The chalk sea bed is deeply burrowed by many different organisms, such as shells, echinoids and worms etc. Some of these burrows are quite deep or branching, or have open living spaces. The burrows fill with sediment after the organism has died, this is slightly different material from the sediment around it. These filled burrows act as preferential pathways (conduits) for the chemical reactions to occur. Flint formed within these old burrows often has a nodular shape which reflects the whole, or part of, overgrown remnants of such burrow systems.

There are two possible explanations for why flint forms in bands or layers. Firstly because chalk sedimentation occurs in cycles and secondly because the process above exhausts the silica within a given depth of sediment and flint formation can only recommence when there is enough silica to start the process again.

Flint is a cryptocrystalline form of quartz found as nodules within sedimentary rocks, principally within chalk and limestone, and is a form of chert. Flint nodules may be almost any colour, including black, dark grey, white, brown or green and have a waxy or vitreous lustre and a concoidal fracture. The outer layer of flint nodules is typically dull and is white or light grey.

Flint forms during diagenesis of carbonate sediments by the precipitation silica from solution. The silica probably originates from siliceous fossils such as sponge spicules. Fossils are often found within flint nodules and may act as nuclei for nodule growth.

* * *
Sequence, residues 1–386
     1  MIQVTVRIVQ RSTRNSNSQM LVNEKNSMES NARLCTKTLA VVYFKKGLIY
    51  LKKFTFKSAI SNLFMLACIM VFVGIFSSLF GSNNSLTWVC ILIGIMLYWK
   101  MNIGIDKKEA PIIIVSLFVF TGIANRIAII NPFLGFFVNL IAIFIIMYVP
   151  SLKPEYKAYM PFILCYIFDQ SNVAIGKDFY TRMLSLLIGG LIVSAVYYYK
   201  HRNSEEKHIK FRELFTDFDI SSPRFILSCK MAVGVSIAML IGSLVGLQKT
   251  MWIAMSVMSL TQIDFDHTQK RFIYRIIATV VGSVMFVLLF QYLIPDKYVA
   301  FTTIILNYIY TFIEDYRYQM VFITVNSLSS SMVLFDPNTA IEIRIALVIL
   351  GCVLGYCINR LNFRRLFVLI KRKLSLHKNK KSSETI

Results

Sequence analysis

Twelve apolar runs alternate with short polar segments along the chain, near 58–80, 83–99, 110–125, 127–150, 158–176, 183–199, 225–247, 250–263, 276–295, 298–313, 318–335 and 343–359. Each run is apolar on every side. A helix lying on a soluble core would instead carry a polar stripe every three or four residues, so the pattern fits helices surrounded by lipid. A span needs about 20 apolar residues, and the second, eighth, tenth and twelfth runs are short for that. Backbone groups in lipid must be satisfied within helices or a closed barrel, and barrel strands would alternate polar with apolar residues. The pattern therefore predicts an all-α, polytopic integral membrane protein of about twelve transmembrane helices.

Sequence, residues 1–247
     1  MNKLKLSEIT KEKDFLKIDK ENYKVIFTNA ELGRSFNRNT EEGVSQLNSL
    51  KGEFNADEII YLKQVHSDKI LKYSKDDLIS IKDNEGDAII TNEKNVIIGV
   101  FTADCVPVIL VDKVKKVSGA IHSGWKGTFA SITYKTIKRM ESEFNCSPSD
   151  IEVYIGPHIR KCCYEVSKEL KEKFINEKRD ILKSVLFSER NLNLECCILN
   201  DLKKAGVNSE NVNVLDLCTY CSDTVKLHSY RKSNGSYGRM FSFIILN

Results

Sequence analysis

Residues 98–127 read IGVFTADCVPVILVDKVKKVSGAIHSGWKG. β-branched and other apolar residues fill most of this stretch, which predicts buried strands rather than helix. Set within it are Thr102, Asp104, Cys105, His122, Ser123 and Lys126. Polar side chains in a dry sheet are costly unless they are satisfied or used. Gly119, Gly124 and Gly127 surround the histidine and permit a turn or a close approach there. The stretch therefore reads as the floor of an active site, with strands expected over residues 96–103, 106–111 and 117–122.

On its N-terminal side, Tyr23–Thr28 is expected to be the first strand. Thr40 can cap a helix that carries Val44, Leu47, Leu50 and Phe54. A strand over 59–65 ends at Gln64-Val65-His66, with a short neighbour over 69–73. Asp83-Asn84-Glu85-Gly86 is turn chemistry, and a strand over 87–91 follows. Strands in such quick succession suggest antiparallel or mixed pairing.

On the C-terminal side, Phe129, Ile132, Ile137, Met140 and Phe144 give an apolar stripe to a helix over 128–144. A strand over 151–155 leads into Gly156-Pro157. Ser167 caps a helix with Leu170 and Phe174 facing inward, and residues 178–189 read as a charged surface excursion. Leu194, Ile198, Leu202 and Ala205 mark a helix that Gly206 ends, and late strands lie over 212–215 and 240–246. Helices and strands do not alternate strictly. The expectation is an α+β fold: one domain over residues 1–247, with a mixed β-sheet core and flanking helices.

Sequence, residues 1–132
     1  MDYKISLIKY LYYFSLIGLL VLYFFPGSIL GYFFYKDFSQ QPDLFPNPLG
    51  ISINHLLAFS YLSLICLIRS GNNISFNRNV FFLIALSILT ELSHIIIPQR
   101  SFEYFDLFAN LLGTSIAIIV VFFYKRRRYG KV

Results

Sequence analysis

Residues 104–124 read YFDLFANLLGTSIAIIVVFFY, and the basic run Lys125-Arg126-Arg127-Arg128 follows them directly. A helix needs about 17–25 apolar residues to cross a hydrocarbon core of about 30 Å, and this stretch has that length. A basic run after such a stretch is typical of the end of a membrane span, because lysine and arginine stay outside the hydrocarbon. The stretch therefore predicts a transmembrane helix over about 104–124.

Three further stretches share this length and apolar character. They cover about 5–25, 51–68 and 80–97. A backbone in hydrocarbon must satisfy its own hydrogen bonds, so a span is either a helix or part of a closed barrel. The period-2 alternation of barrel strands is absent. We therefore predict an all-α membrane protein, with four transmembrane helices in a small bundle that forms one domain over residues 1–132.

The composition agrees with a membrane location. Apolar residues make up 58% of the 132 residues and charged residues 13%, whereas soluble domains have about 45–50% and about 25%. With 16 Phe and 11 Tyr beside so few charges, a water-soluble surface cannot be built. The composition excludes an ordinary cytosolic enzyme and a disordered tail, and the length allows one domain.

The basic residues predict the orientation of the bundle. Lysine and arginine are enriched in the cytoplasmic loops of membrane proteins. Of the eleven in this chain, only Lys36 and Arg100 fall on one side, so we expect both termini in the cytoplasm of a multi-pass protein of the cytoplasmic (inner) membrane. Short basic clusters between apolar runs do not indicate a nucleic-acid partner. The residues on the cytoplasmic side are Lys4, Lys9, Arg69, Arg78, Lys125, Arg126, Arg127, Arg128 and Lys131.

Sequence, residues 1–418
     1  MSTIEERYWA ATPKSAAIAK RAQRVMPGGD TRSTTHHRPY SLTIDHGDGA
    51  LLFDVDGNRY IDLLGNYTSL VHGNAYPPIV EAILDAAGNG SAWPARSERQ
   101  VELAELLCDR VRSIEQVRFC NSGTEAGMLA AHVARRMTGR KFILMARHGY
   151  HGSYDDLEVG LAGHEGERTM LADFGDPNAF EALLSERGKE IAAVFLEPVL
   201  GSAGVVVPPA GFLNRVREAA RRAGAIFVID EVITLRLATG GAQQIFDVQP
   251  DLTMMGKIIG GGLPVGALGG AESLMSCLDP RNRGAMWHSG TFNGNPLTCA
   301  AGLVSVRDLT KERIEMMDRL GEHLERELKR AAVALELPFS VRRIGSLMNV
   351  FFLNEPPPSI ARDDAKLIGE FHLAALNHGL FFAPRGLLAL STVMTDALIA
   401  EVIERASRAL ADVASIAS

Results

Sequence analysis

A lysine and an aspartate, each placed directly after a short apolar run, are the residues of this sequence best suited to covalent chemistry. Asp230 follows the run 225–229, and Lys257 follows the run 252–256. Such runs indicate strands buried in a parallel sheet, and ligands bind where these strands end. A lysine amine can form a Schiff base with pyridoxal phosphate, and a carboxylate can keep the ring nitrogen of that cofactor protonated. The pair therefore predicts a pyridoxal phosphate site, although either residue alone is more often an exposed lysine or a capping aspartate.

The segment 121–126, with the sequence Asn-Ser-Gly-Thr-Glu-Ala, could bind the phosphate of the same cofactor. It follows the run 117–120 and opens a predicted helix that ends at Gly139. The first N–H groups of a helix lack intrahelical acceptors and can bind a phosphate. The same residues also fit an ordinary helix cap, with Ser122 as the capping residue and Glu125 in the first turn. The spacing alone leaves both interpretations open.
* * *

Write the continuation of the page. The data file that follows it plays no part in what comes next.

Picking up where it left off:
The hard and brittle nature of flint causes it to splinter into sharp fragments and led to flint being used to create neolithic tools. Later flint was used to ignite gun power since it produces sparks when struck against steel. Flint and pyrite can also be used to ignite kindling to start fires.

TALKING HEADS

‘bonus dormitet Homerus’ – ‘good Homer sleeps! (Horace)

‘the balance of power’ (Sir Robert Walpole)

Homer: Time’s long and Homer sometimes nods…
Hesiod: Then wakes to this nightmare. Broken bones.
Homer: Sockets, splinters, ankles. Dear gods!
Trajan: Undressed flints and slates. Just a heap of stones.

Homer: Look at it. Not even marble.
Gladiator: Slate weapons, nodules, grey-white turds.
Hercules: I’ll chuck them all out. It’s a garble.
Homer: Yes, a total muck. I’m lost for words.

North, South, East, West: What a chorus! A rumpus!
But here in this hall I’m lost. A bugaboo!
They say I’m laid out like a compass
but I can’t escape from this human zoo.

Hoist the chandelier! Lift the high ceiling!
Or else collapse this chequered tile floor.
Throw open the doors to blood and feeling,
Blossom and birdsong, and the wind’s caress and roar?

Sir Robert Walpole: No! Time’s not a passing shower.
Not so fast! Don’t dismiss what’s past or new.
Haven’t you heard of the balance of power?
Democratic, desirable and long overdue.

 

by Kevin Crossley-Holland

 

NOTE: How do you respond to the placing of this piece? Is it useful to hear different viewpoints? What is Walpole getting at when he says ‘Don’t dismiss what’s past or new’?